Sunday, March 11, 2012

The Imaginative Thinker: A Commonplace Book

Second Spring Break 2012 Kindle book.

Preface to the Kindle Edition

The Kindle book you hold in your hands is essentially a commonplace book I kept in four Chinese diaries I brought home from Shanghai in the early 1980s. Appropriately, I have made a scan of one of the diary covers the cover of this book.

In 1945 the Boston lawyer Charles P. Curtis, Jr. and Ferris Greenslet, the literary editor for Houghton-Mifflin, collaborated on a book they called The Practical Cogitator: The Thinker’s Anthology. The book had its inception during the war, in Curtis’ dream of developing a pocket anthology on the “great themes of life” that (in the words of a later Houghton-Mifflin editor) “even a long war might not exhaust.” Early on in their collaboration, Curtis and Greenslet set down rules for the selection of the quotations they would include in The Practical Cogitator:

it would include nothing familiar or readily accessible;
it would exclude the inspirational, the sentimental, and the cynical;
only passages worthy of multiple re-readings would be given space;
the editors would emphasize modern over ancient authors
the editors would not limit themselves to particular forms: “Treatise, textbook, letter, novel, speech, verse, anything is given equal welcome.” No verse would be included for its own sake.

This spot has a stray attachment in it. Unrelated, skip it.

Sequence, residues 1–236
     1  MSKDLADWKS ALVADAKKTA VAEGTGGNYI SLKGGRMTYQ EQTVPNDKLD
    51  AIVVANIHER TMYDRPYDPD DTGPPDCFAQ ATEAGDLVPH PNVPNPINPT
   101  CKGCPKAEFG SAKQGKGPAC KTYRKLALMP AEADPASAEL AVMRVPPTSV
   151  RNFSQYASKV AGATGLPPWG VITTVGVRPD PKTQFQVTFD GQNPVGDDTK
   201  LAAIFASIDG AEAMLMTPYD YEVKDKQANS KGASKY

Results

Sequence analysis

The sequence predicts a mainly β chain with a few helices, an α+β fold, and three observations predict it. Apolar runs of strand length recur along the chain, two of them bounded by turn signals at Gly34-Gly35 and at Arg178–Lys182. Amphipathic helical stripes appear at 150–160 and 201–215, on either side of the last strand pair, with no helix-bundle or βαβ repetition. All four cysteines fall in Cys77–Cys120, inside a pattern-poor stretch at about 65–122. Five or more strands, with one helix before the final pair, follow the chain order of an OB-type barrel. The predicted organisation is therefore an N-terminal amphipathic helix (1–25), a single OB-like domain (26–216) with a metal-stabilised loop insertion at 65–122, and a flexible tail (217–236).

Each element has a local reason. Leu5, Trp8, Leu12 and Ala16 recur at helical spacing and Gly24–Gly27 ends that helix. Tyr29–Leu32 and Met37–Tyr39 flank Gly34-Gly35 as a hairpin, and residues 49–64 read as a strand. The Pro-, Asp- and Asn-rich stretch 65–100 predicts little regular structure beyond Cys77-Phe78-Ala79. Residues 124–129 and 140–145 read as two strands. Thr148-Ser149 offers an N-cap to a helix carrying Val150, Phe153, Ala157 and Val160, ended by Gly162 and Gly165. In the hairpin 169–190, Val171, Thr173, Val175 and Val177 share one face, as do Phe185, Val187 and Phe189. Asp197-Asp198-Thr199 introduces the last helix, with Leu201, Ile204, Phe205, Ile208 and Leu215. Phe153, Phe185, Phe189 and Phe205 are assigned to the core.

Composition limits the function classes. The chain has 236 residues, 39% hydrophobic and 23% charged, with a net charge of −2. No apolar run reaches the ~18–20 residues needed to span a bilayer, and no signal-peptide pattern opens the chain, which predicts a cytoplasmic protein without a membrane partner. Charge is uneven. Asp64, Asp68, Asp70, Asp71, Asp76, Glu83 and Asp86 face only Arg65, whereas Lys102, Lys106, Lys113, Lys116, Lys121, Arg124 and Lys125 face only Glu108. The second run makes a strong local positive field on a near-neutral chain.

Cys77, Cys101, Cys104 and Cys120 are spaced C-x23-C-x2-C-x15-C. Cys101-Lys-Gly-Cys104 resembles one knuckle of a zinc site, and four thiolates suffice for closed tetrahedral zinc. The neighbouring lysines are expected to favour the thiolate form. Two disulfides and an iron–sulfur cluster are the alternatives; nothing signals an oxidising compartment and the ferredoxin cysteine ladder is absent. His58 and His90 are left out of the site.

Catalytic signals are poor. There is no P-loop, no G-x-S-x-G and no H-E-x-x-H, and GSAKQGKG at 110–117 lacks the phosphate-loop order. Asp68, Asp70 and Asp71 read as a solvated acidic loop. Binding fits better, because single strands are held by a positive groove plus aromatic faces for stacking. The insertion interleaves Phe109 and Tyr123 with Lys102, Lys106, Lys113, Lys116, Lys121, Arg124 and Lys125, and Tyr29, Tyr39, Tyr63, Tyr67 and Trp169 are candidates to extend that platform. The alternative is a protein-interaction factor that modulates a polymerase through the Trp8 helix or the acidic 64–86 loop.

The editors also decided to make no attempt at “complete exposition”: “The extracts provide pegs, stout and well driven in, on which you can hang your own further thoughts.” The Practical Cogitator, they explain in the “Preface to the First Edition,” would be a “dry wall”; “the only cement is a few comments.” It was their intent to provide what they call “a cerebral Coast Pilot”: "a compilation of what those who have been down this way before report to those who might otherwise have to pick their course through these channels and into these harbors with nothing but the lead lines." The completed “thinker’s anthology” went on to sell 100,000 copies in 1945 and 1950 editions and was reissued in the 1980s by Houghton-Mifflin.

The “Publishers’ Note” in the latter informs us that Curtis and Greenslet were asked to update the contents of their book—making it conform more to the spirit of post-war thought—for the 1950 edition. No such updating was made for the most recent edition. It remains top-heavily dependent on admirable passages from the writings of Oliver Wendell Holmes, Jr., John Dewey, William James—a collection which would, in fact, make a perfect mate for Adler’s How to Read a Book.

The Imaginative Thinker is an anthology of a very different sort. I have not sought to provide “pegs, stout and well driven in. . . .” I have tried to open doors, to instill wonder: to cultivate imagination. No “cerebral Coast Pilot”—Curtis and Greensleet patterned their title after Bowditch’s Practical Navigator; I, of course, return their complement by patterning my title in opposition to theirs—the anthology you hold in your hands aspires to take the reader into the deep, the open sea. Anything but pragmatic in orientation and purpose, it aspires to be no less than a book of wonders, a selection of thought probes and mind-boggling ideas.

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